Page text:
Flag of the Philippines

The national flag of the Philippines is a horizontal bicolor with equal bands of blue and red, and with a white equilateral triangle based at the hoist side; in the center of the triangle is a golden yellow sun with eight primary rays, each containing three individual rays; and at each corner of the triangle is a five-pointed golden yellow star. The flag is displayed with the blue field on top in times of peace, and with the red field on top in times of war.

The flag was first conceptualized by Emilio Aguinaldo. The first flag was sewn in Hong Kong by Marcela Agoncillo, her daughter Lorenza, and Doña Delfina Herbosa de Natividad, niece of José Rizal, the Philippines' national hero.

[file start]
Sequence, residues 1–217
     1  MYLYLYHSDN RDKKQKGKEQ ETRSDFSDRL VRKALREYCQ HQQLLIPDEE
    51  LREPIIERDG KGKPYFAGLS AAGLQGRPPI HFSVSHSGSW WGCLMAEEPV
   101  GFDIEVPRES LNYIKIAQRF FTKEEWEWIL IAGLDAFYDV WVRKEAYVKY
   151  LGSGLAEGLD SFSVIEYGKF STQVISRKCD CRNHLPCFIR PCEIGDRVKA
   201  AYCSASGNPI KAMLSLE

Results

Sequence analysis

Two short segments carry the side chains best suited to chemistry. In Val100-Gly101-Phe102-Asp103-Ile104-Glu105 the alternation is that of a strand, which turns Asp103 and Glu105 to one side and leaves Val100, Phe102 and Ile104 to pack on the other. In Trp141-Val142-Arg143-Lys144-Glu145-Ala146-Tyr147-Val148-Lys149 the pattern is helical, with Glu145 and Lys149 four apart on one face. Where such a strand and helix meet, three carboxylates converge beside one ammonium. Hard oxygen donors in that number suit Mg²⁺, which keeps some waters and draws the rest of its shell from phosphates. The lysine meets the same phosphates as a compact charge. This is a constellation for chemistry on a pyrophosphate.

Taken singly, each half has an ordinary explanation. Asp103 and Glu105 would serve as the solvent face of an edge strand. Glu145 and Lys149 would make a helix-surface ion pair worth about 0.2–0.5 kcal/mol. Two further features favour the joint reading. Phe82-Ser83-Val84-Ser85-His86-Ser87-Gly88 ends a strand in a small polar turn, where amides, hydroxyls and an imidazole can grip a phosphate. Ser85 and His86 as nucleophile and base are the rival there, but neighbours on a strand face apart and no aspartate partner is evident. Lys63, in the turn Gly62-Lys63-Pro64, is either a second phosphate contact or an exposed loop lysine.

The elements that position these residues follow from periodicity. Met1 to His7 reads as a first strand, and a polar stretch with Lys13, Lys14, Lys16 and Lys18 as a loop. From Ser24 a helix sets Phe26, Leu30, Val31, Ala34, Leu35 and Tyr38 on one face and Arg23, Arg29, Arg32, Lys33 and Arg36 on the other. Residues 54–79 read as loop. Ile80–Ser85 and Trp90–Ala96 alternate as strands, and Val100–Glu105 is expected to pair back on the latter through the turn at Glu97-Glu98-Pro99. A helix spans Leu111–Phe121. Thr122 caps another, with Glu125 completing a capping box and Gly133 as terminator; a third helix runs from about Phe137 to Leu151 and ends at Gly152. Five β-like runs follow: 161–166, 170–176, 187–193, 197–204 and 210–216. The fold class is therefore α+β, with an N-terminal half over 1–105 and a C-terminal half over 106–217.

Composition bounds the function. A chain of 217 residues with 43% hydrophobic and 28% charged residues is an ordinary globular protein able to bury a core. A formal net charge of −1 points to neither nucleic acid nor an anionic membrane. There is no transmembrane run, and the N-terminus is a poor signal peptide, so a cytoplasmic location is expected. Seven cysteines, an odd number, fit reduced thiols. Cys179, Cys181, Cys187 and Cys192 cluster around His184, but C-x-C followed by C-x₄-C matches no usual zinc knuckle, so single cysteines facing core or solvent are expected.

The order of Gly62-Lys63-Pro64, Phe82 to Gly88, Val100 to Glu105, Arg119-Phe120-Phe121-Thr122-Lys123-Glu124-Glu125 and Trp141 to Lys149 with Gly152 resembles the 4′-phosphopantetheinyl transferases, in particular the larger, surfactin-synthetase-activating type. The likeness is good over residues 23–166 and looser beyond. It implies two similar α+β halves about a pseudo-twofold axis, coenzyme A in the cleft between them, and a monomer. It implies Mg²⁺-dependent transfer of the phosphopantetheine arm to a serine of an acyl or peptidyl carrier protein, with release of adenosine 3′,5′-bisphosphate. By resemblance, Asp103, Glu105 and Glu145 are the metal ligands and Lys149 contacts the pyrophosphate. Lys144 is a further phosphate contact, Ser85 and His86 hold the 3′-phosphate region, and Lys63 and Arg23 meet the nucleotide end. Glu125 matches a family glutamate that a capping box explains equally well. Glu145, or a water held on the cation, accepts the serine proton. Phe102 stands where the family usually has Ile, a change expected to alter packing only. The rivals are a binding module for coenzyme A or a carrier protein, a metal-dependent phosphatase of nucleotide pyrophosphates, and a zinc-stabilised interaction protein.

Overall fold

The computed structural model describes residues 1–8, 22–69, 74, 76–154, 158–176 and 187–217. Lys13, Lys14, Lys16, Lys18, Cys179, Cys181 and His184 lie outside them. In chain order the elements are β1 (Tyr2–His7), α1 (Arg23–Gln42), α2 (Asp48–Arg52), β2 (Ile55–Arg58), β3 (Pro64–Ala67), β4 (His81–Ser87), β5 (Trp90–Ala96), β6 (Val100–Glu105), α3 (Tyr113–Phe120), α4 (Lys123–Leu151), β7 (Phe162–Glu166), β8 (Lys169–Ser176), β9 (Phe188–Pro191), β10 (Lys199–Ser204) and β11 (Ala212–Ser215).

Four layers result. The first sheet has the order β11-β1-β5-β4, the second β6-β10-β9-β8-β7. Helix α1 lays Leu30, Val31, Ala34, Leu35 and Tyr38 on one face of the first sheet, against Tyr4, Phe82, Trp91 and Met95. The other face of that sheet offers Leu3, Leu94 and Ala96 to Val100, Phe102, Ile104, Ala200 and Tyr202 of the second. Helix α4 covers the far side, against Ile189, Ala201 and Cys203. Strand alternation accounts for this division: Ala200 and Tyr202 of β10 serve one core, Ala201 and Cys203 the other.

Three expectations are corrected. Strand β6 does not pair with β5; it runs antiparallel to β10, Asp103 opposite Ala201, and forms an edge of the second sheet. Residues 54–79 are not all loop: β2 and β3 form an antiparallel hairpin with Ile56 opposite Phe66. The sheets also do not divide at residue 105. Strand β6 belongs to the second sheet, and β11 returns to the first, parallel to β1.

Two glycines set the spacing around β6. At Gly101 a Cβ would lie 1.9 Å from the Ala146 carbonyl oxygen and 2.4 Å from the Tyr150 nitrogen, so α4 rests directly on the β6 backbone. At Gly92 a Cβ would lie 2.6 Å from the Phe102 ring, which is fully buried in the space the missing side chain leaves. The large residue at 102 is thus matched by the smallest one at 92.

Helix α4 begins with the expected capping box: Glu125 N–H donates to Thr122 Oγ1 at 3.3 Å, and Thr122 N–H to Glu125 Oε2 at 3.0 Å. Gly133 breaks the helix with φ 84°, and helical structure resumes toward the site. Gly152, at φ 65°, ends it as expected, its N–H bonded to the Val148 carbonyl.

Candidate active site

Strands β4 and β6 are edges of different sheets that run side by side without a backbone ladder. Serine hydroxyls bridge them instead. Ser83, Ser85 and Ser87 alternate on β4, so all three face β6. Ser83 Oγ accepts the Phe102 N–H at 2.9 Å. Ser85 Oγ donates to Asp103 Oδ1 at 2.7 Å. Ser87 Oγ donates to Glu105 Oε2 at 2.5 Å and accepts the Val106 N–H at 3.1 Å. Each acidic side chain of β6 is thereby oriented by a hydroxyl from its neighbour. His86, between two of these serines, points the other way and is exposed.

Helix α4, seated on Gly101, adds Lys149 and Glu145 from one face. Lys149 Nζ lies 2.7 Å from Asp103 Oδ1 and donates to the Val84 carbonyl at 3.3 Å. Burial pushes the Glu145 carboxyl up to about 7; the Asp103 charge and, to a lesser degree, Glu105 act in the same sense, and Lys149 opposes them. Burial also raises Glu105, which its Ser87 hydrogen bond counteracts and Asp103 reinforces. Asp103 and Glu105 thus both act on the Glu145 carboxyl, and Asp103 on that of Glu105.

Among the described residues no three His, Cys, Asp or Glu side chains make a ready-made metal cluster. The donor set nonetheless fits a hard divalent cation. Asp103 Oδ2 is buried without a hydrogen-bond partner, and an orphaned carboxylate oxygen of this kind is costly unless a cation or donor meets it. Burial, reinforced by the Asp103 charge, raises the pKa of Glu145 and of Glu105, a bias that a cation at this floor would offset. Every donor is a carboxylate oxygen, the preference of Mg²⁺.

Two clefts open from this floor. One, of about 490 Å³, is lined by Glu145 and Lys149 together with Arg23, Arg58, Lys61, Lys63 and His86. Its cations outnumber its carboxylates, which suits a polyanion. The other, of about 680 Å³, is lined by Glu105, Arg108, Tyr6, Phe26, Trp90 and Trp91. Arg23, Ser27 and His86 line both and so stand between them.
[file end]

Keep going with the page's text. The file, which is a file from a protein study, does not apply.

According to official sources, the white triangle stands for equality and fraternity; the blue field for peace, truth and justice; and the red field for patriotism and valor. The eight primary rays of the sun represent the first eight provinces (Batangas, Bulacan, Cavite, Laguna, Manila, Nueva Ecija, Pampanga, and Tarlac) that sought independence from Spain and were placed under martial law by the Spaniards at the start of the Philippine Revolution in 1896. The three stars represent the three major geographical divisions of the country: Luzon, the Visayas, and Mindanao.

The flag should be displayed in all government buildings, official residences, public plazas, and schools every day throughout the year. The days from May 28 (National Flag Day) to June 12 (Independence Day) are designated as flag days, during which all government offices, business establishments, and private homes are also encouraged to display the flag.